The silencing of Jadotville.
Colette NiReamonn Ioannidou
We learn our histories in school at an age when a lot of our past is not of much interest to the young. We take it in under the impression it is unassailably true because it's in a book and teacher tells us about it. If we're lucky, it bears no threat to our present lives, so eventually it sinks into the lower regions of memory unheeded and unneeded. It's unsettling, however, to learn as an adult that your country has secrets those in power or authority felt were best clamped under the tombstone of time, hopefully never to be exhumed. But, the old saying goes -- truth will out and this case proves it. It's an odd sensation when a name and the person who owns it leap out unexpectedly at you from a movie, someone you knew as a child because the man lived where you did. You knew he was an important person but nothing much about his life. I recently experienced a film The Siege of Jadotville that riveted me, encouraged by the comments of Florian, a Romanian friend, who had watched it and found it to be a fine story. I took him at his word; he's a man who works long hours and will not waste screen time on something unless it's worth it.
'There's action,' he began, 'but not Hollywood type action. It's real, it actually happened.' He was telling me because it involved a unit of Irish United Nations peacekeepers in Africa who found themselves under siege in a compound near Jadotville, led by Jamie Dornan (in a green uniform as opposed to his shades of grey non-clothes!) as Commandant Pat Quinlan leading 150 Irish soldiers sent to Africa when Congolese President Patrice Lemumba was usurped by General Moise Tshombe and later assassinated. United Nations Secretary General Dag HammarskjE[micro]ld, worried that the upheaval might cause World War III, assigned Conor Cruise O'Brien (the leaper) to lead a peacekeeping mission to the area. The Irish were posted near Jadotville which contained the world's richest uranium deposits eagerly sought after by foreign companies. General Tshombe wanted to turn Katanga into an independent state with him at its head and recognised by the UN, using blackmail if needed. Quinlan immediately realised that the compound was practically undefendable, its rundown buildings open on all sides, and set his men to doing their, under the circumstances, limited best to arrange defensive fortifications.
He headed for the nearest supply store and met Rene Faulques, a French mercenary hired by the mining interests, who goaded the quiet Quinlan with comparisons of Ireland's and Quinlan's lack of war experience and the great prowess of the French when it came to fighting. Quinlan calmly but cuttingly mentioned how little time it took the Nazis to overrun France. Ohh la la! Bristles rise on the Frenchman's ego and we know things will soon get very rough. So confident is this battle-hardened warrior, he thinks the toy-soldier Irish don't stand a chance. O'Brien meantime, orders UN forces to launch an attack on a government building held by Katanganese near Elizabethville. It's a botched mess, innocent civilians are killed and O'Brien orders a cover up. Retaliation falls on the hapless Irish pawns.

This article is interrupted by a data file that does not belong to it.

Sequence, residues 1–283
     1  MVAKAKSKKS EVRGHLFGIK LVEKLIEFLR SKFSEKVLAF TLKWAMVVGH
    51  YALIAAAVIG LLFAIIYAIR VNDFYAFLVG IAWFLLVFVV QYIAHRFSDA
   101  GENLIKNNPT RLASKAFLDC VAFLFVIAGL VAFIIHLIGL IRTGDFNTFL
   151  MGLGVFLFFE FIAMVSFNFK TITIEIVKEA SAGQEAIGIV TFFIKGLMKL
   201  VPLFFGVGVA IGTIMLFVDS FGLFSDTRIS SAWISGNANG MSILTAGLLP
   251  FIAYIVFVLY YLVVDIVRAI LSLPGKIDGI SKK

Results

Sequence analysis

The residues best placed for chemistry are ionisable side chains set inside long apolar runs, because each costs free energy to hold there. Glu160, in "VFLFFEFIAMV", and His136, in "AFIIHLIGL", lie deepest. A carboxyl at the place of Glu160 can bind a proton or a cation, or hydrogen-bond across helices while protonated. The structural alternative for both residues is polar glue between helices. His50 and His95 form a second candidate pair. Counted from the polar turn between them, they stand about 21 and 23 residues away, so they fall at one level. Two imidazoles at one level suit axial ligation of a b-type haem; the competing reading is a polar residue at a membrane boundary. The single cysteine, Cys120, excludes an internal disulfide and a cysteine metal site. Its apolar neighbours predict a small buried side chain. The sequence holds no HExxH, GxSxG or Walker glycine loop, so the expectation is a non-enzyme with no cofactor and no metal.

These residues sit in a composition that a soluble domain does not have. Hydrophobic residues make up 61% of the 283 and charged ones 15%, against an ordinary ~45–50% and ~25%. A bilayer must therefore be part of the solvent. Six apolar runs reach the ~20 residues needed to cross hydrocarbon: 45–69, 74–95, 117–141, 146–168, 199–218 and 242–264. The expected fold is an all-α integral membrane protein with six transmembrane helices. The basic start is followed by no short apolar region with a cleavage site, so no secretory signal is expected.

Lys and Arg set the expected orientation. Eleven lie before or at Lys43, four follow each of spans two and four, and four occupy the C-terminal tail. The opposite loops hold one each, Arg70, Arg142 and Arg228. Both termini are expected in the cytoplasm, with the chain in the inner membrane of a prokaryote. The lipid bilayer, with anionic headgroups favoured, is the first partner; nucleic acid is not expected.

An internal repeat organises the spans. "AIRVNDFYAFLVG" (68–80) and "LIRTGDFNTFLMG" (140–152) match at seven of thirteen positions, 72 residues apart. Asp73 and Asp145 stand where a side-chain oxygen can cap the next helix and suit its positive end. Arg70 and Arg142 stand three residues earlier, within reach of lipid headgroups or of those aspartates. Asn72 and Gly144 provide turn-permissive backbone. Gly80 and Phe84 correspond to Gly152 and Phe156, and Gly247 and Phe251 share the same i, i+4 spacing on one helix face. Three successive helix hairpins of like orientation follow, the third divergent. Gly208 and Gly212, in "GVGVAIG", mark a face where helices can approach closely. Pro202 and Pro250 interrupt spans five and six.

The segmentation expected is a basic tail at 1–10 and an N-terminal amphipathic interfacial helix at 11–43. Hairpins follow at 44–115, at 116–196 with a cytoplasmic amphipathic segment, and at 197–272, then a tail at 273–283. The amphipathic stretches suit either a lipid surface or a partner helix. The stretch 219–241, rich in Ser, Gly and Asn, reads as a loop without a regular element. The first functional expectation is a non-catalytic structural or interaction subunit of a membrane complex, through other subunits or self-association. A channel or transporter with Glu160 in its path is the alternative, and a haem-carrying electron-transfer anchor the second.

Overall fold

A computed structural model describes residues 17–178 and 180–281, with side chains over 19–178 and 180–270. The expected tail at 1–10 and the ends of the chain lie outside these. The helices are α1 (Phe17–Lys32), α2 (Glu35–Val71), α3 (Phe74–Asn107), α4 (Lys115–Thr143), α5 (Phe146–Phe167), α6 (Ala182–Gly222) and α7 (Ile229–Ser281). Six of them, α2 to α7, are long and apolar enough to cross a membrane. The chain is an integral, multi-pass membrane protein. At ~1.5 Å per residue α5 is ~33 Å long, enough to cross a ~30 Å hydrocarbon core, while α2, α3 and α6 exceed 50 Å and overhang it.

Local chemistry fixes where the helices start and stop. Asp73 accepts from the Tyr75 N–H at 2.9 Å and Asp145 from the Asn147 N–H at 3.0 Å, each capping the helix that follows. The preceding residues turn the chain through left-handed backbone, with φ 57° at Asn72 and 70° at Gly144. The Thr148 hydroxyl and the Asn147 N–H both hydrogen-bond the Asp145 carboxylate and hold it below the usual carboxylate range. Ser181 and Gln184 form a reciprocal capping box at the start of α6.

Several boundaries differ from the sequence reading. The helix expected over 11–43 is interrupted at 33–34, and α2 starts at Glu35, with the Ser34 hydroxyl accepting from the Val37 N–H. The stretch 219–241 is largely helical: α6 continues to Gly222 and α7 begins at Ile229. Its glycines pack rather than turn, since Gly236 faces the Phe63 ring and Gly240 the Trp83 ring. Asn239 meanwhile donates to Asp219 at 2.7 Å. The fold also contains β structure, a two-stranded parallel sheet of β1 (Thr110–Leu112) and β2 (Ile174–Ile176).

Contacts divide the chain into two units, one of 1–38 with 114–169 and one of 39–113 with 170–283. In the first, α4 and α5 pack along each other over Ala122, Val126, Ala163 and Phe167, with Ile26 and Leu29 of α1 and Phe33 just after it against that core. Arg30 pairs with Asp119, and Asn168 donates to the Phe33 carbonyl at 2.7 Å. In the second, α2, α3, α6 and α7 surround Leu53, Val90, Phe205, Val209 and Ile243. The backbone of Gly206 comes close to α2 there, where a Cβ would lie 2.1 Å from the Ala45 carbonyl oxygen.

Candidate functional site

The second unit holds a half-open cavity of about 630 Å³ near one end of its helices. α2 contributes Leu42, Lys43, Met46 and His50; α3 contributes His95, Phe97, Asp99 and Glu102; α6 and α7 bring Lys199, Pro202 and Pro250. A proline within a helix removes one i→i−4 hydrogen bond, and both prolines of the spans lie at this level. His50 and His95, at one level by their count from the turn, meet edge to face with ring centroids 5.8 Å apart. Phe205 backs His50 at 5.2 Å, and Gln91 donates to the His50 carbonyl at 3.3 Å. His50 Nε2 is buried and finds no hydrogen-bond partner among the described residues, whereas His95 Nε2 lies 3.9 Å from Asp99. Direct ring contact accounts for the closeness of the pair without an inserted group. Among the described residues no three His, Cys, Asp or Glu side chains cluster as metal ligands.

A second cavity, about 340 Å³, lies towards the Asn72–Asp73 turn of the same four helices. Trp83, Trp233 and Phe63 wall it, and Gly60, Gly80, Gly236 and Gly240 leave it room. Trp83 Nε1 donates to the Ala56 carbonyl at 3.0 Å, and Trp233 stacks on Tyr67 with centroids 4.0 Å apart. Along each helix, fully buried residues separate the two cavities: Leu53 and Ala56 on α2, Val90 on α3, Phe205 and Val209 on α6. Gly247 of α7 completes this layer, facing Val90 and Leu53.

The Secretary General takes a plane to try and persuade Tshombe to talk peace but he never reaches his destination. Thousands of Congolese troops led by French and Belgian mercenaries then march on the post intending to make short work of the Irish. Quinlan's appeal to both his superior and O'Brien for reinforcements is a prayer to empty air, reinforcements can't get through and they are left to do or die. To say more would be a spoiler for anyone who hasn't seen the movie and perhaps would like to. The grossly outnumbered, resilient soldiers had to rely on wits, courage and intelligence to survive and were, to Ireland's shame, branded as cowards. The battle for that isolated piece of earth was buried, however, Declan Power's book The Siege at Jadotville: The Irish Army's Forgotten Battle led to the film of 2016. The men who had been so shamefully treated finally gained the recognition they hugely deserved.
If you want more information it's on Google. Unbelievable to think, for the Irish chain of command, that Faulques came out of the tale with more honour than O'Brien, as a soldier who respected a worthy enemy. O'Brien, meantime, went on to become a political entity. As Faulques might shrug and say, C'est la vie!
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|Publication:||Cyprus Mail (Cyprus)|
|Date:||Aug 28, 2019|
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